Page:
When creating a video, we use the same keywords that we use for the title. We accompany that with a brief description of what the video is about. Since the example below is from a video that is about our business, we had the opportunity to put in even more keywords. Like I said above, remember to optimize it for humans too. This is exactly what we did. Getting the perfect combination of keywords and clear readability is paramount with any video description on YouTube. In addition to the description, adding your website, phone number, and address not only gives your viewers easy access to your business, it’s also going to help you with local SEO.
Additionally, the description section is a good place to cross-promote your other web properties, so include a link to your website or blog, and encourage people to click by adding some type of incentive.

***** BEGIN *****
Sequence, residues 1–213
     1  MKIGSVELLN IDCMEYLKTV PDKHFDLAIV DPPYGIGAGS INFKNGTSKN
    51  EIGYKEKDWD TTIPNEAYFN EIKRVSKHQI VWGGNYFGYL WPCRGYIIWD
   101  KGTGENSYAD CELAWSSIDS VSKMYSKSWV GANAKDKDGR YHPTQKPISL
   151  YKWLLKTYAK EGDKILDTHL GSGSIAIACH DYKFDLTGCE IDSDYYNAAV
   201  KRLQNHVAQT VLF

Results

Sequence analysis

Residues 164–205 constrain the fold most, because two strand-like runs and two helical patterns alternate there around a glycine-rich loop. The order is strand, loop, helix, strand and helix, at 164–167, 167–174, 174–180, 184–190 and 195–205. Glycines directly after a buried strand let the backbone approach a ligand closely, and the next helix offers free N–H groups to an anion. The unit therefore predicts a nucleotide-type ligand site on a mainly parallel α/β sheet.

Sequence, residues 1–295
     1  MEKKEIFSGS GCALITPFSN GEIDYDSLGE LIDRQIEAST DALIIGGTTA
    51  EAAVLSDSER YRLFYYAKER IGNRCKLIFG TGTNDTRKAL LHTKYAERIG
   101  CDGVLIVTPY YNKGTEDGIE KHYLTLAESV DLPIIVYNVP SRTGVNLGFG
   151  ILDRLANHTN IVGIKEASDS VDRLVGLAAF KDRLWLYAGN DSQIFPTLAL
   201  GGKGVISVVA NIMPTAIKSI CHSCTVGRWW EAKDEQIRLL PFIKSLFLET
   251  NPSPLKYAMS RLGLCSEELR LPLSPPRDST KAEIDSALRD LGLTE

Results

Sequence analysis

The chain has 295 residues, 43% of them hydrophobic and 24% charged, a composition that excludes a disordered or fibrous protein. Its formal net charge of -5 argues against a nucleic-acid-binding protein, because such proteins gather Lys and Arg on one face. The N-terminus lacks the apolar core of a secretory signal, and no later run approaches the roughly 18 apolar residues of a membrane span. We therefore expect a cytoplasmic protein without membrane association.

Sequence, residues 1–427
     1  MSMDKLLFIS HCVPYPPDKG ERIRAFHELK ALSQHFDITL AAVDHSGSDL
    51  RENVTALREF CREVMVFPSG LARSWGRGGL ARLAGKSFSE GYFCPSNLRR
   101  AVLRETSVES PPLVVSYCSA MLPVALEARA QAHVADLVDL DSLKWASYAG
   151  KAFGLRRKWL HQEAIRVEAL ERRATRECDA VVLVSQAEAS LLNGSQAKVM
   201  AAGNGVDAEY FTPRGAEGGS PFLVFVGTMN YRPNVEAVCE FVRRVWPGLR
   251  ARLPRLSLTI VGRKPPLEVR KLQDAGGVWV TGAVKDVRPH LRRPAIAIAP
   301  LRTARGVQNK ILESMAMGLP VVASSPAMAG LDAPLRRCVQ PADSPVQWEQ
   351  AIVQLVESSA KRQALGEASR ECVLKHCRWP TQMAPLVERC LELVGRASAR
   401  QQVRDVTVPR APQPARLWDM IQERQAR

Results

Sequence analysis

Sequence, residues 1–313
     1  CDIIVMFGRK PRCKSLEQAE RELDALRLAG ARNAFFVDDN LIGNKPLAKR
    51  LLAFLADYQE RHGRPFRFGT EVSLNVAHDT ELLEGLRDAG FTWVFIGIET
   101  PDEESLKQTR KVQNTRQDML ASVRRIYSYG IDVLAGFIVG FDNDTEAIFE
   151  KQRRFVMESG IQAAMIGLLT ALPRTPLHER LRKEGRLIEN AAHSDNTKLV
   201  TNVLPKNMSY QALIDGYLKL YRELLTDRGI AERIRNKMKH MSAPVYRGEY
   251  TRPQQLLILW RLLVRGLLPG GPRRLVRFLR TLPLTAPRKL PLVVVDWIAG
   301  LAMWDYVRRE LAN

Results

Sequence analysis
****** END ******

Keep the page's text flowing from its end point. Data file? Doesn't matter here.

Yes, tags matter… don’t ignore them. If you’ve already taken the time to conduct keyword research for your title then coming up with appropriate tags should be simple. Just choose a few that best relate to your video and include a few variations of each one (create at least 10 tags).
It’s important to use variations of your words, because YouTube isn’t the best about figuring out what people want if the keywords are typed in exactly right. So, if your video is on “sunscreen” and someone searches for “sun block,” your listing may not appear. Or, YouTube may not rank your video if the searcher spells the keyword differently, such as “sun screen” instead of “sunscreen.”
With that in mind, use your researched keywords as your tags, but also include synonyms, plurals, misspellings, related terms, and any other words or phrases a searcher might use.